The Last Wolf Standing: Steppenwolf's Goldy McJohn back on the road
March 20, 2009 · Updated 10:06 AM
Original Steppenwolf keyboardist keeps the old (and new) songs alive with his group Goldy McJohn and Friendz in Port Orchard Friday.
Steppenwolf has sold more than 25 million albums worldwide.
The group’s credited as the hippy pioneers of the “heavy metal” genre. Songs like “Born to Be Wild” and “Magic Carpet Ride,” written, produced and released in the late 60s, have weaved themselves into the greater American consciousness. As a result, those songs have also been licensed a number of times over the years, for movies, TV shows, radio and more, earning royalties for each usage.
According to general business sense, that would suggest proper, perhaps copious, payment for a band like Steppenwolf.
But Goldy McJohn — the man on the keys, an original member of Steppenwolf — is getting by on social security these days, living in Burien, feeling dejected at 64 years old, unable to take his grandchildren away on vacations. “Financially bust,” he says. He’s struggling to make ends meet.
He was let go from his last job — 13 years as greenskeeper at a West Seattle golf course — awhile back. He’d given the job everything he had, he said, showed up before 5 a.m. every day only to be let go in the end as the result of an unfair upper-level management ploy, to hear him tell it.
His voice was wrapped with tension and a crestfallen rancor when we reach him by phone from his Burien home last week. He seems bitter not only about his most recent job but also still from his first job — at the organ in Steppenwolf.
“That was no hiatus,” he immediately objects to the perception that he’d been on a musical hiatus for quite some time prior to forming Goldy McJohn and Friendz in 2008.
“I got ripped off of all my royalties by the Steppenwolf Corporation and John Kay and ... ” he goes on, into the big rock and roll courtroom controversy that came after Steppenwolf’s demise in the late 70s and is now entangled in more than 30 years of litigation and accusation. McJohn said “they” used “something” against him — “something” which he’s not legally able to discuss — to steal his rights to the Steppenwolf songs and the ensuing royalties.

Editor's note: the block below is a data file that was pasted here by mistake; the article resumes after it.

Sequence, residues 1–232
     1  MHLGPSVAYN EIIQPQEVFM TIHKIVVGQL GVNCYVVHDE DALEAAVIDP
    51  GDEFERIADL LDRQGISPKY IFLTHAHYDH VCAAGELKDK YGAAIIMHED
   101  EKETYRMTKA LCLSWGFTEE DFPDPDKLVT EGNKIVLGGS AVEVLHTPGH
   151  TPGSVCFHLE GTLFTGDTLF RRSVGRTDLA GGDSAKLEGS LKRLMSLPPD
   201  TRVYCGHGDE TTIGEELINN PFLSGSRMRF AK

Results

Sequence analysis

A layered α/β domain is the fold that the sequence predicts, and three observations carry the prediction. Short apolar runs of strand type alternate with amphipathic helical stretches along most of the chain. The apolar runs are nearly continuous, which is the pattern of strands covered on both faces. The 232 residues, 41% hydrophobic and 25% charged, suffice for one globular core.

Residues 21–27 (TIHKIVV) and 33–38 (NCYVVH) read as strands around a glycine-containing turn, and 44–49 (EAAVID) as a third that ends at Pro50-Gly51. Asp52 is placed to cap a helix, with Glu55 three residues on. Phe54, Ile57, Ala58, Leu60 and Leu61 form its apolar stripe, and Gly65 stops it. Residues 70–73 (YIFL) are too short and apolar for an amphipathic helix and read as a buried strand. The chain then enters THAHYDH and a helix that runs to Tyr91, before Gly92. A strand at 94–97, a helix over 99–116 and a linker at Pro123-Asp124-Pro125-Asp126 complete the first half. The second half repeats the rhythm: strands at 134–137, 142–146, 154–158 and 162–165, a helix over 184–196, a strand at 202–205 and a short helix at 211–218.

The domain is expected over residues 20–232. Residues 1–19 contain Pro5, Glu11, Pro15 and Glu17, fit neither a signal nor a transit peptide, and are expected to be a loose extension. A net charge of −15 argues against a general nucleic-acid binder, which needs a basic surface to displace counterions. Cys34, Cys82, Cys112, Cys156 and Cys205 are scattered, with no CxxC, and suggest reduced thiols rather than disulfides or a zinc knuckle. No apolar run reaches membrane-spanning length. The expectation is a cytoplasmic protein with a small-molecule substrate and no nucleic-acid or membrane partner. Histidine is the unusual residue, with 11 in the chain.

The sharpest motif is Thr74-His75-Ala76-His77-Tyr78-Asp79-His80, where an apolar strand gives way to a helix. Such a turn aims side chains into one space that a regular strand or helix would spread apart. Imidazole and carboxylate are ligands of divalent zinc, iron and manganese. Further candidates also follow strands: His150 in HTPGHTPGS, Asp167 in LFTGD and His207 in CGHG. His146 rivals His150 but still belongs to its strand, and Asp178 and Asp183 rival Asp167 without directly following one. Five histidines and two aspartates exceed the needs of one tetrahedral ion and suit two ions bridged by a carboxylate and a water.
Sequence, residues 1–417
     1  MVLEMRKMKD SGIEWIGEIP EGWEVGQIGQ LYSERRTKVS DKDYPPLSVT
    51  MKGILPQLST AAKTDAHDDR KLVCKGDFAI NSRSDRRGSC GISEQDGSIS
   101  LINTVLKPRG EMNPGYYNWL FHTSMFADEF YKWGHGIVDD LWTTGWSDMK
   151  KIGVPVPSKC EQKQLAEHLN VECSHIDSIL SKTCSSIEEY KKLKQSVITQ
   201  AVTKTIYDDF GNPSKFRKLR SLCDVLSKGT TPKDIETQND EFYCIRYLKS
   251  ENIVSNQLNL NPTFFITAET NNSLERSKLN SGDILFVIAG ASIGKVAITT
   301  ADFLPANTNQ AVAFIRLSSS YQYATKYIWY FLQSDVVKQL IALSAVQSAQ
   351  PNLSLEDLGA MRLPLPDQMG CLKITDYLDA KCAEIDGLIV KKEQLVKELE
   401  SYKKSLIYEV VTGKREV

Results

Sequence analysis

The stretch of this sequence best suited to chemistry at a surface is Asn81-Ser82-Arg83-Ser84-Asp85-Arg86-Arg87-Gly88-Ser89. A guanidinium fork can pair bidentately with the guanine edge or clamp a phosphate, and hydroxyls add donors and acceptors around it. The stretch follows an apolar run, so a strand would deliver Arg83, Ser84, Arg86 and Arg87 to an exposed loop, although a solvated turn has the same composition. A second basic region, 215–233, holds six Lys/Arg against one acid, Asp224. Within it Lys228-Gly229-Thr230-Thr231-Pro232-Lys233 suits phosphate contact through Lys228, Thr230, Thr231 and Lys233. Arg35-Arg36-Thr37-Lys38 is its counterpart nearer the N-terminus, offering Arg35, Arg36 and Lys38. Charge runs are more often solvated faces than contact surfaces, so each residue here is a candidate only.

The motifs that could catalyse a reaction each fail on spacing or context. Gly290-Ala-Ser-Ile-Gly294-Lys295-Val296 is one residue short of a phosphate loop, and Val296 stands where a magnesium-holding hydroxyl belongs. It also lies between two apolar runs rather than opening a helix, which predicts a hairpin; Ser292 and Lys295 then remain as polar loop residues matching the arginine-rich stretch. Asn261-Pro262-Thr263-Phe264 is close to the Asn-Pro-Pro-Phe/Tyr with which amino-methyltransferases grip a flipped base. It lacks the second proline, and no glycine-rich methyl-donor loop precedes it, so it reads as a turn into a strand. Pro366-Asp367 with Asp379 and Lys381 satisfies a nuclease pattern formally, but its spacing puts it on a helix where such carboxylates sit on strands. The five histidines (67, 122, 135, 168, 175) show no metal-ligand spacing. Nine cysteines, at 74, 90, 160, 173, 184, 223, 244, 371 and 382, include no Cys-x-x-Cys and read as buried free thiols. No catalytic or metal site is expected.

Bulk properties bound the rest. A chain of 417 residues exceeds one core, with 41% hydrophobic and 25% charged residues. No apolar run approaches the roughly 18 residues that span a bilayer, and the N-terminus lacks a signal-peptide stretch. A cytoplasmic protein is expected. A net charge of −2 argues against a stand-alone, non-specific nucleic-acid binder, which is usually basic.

“We’re talking 10 to 12, maybe $15 million they’ve stolen from me,” McJohn says.
While that’s all in contracts and paperwork in the past and most of it has been argued over and settled in court, it’s been an ever-present thorn in McJohn’s side for the past 30 years.
“I sat in that little shack that he wrote ‘Born to Be Wild’ in, and helped him along with it,” McJohn said of Steppenwolf’s longest enduring hit, written by a guy named Mars Bonfire. “On Thelma Ave in that studio apartment, I was the one saying, ‘why don’t we try a G chord to an A chord there,’ ... but I don’t get credit for it.”
Even as he started doing gigs again in 2008 with Goldy and Friendz, McJohn said he received a cease and desist letter concerning how the title “formerly of Steppenwolf” was used in promotion of his new band. He’s been waiting to find the right lawyer or maybe a civil rights activist to pick up the case, he said, but to no avail.
In the meantime, he’s touring with a rotating cast of characters in Goldy McJohn and Friendz — billed as the last original member of Steppenwolf still touring, noting John Kay’s retirement in early 2008.
They play a mix of the Steppenwolf hits and new original material, though it’s not a Steppenwolf Tribute, McJohn notes.
They did a small tour last year in their first year, including a few dates with Leon Hendrix (Jimi Hendrix’ little brother), one in Port Orchard.
They’ll be coming through Slip 45 Friday night with Roger Fisher of Heart opening along with local stringer William Thomas Anderson. It’s the first show of 2009 for Goldy and Friendz, looking hopefully forward to a summer featuring a headlining gig at the Washington State Fair and others across the Northwest.
“Now it’s a matter of necessity,” McJohn said. “Trying to get some gigs going and pay enough to cover our mortgage payment, food and all the necessities of life.”
GOLDY McJOHN AND FRIENDZ play Port Orchard tonight, 9 p.m. at Slip 45, 715 Bay St. in Port Orchard. Roger Fisher, formerly of Heart, and local stringer William Thomas Anderson open. 21+, $10 cover. Info: gmandfriendz.com,myspace.com/slip45music or call the club at (360) 895-7932.